Marvel have now got three Star Wars titles running, shortly to be joined by a fourth. They know they have major competition from their predecessor licence holder, Dark Horse Comics, but this is something they are used to. After all, Marvel and DC have been trying to out-compete each other for years. So, what are Marvel up to now?
To some, the answer seems obvious. Marvel will do a big event, a big, bombastic event story. I would agree that that may happen, and the just-announced Journey to The Force Awakens series is one contender, but I would not expect a major event to be in the cards until 2016. Why? Marvel excel at marketing bombast, but they also excel at planning out their events. Unlike DC, Marvel often do know where they’re going and their good events outnumber their bad. If you look at how Marvel handled their Ultimate line at the start, there were no events in the way we now know them. Yet there was no shortage of both new and reinvented concepts combined with strong execution – it is The Ultimates that practically gave us Samuel L. Jackson as Nick Fury.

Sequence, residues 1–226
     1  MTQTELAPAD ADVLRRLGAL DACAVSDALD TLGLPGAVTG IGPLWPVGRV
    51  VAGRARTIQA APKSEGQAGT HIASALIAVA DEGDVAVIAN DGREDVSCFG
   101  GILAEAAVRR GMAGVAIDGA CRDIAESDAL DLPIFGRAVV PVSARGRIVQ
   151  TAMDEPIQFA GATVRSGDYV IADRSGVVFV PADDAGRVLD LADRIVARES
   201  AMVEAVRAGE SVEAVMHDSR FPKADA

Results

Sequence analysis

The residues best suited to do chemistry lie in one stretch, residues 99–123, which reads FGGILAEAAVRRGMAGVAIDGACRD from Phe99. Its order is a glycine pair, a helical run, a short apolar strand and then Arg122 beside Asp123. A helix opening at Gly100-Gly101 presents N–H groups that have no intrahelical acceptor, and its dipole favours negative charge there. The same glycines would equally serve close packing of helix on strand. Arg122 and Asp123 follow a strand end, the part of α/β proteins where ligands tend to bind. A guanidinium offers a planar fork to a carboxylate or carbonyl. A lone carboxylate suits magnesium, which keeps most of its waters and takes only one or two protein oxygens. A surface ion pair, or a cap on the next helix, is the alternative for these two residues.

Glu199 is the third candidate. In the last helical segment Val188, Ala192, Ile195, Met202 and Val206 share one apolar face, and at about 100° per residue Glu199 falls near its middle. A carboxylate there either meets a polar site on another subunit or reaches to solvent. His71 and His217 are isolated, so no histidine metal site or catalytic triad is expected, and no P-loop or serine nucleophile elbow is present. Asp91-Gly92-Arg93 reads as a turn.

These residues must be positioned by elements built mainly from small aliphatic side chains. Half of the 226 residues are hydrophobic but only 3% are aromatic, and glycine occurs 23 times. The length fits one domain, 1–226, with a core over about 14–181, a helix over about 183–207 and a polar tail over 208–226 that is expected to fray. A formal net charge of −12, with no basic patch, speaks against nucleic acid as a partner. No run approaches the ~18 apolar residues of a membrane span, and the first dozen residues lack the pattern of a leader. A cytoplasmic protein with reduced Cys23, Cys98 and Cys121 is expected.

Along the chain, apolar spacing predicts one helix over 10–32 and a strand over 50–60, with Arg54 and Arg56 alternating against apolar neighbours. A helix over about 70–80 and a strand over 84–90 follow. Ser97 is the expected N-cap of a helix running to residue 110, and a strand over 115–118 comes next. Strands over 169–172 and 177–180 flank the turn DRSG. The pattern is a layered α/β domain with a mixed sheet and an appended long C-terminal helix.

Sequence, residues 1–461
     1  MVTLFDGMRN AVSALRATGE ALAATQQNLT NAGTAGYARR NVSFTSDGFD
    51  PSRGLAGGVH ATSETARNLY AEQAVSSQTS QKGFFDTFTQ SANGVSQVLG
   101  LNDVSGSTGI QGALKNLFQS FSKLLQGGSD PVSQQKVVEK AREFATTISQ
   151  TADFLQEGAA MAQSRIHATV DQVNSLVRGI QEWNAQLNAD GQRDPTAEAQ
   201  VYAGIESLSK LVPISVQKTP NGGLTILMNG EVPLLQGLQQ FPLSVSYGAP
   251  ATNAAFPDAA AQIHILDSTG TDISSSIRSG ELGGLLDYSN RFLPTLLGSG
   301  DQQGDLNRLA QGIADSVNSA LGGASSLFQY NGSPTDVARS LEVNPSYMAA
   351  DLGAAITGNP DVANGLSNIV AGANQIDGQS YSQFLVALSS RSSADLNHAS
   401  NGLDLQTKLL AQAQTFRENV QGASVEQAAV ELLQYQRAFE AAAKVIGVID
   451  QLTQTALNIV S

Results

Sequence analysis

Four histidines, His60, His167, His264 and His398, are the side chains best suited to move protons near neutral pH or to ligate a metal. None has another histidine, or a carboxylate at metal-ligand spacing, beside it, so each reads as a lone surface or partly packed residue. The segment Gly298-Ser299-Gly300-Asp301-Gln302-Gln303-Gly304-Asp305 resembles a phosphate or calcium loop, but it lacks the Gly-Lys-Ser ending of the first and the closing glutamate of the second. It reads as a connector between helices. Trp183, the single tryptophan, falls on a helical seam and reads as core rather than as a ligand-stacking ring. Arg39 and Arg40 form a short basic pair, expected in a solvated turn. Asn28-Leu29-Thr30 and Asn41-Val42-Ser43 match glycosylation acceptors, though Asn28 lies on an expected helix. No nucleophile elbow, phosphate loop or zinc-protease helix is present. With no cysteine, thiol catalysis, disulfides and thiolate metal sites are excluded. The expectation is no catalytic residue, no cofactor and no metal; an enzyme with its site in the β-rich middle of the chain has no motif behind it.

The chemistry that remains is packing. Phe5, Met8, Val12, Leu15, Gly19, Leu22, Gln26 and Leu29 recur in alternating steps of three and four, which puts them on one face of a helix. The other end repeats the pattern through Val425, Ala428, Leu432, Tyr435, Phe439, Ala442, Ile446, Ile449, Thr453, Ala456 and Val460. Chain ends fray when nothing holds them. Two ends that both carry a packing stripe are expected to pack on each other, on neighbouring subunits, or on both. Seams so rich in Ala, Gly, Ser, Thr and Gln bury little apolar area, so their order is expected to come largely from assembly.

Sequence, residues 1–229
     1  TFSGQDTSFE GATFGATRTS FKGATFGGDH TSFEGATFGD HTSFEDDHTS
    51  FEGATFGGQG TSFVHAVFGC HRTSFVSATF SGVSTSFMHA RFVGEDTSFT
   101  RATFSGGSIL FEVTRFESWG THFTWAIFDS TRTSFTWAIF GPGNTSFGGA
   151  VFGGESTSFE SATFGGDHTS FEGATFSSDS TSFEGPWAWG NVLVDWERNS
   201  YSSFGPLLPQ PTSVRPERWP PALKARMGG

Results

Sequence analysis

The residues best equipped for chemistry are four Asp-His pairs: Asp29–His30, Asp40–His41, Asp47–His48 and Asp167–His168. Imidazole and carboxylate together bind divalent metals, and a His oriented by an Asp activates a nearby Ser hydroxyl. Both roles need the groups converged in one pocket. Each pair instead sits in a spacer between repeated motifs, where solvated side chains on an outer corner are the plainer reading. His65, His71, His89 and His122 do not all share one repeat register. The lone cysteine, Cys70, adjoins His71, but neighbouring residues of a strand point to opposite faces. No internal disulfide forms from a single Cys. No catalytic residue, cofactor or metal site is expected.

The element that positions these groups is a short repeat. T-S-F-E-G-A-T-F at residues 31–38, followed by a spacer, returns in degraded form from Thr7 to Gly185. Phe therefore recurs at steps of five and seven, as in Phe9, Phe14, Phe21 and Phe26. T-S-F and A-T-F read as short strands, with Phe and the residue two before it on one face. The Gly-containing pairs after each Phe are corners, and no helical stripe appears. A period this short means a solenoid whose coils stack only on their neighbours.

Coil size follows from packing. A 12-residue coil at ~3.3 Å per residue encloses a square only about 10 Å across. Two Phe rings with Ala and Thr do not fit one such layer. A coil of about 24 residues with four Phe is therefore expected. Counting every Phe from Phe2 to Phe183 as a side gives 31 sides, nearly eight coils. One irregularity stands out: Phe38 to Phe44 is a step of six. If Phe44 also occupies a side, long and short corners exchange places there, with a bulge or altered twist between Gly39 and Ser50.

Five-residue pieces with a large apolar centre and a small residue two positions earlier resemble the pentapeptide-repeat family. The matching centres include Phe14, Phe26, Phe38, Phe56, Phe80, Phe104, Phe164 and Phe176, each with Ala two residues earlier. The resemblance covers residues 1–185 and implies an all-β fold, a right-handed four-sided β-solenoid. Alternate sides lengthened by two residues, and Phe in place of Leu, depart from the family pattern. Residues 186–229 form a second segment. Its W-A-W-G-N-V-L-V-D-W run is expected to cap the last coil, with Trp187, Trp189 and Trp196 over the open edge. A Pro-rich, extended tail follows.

Which leads to the likelier option of what Marvel is up to – good concepts, excellently executed and skillfully marketed. This is what their creator assembly suggests – Waid, Aaron and Gillen, plus Cassaday, Larroca and the Dodsons – it is by any measure a first-class team. When Marvel are not doing events, yes there are times when they are not, they tend to opt for combining concept with controversy. Consider Wolverine being dead, Thor now being female and the entire Marvel Universe ending – they are all bold moves, but how did you know about them? Because Marvel got the marketing megaphone out and ensured, as far as they could, that you could not not know about them!